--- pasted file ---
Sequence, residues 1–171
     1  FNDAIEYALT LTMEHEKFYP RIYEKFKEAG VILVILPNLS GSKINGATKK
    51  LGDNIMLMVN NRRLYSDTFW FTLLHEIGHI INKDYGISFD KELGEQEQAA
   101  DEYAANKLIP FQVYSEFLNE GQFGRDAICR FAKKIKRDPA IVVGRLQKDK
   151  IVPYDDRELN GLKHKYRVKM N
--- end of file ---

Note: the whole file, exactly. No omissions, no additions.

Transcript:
Sequence, residues 1–171
     1  FNDAIEYALT LTMEHEKFYP RIYEKFKEAG VILVILPNLS GSKINGATKK
    51  LGDNIMLMVN NRRLYSDTFW FTLLHEIGHI INKDYGISFD KELGEQEQAA
   101  DEYAANKLIP FQVYSEFLNE GQFGRDAICR FAKKIKRDPA IVVGRLQKDK
   151  IVPYDDRELN GLKHKYRVKM N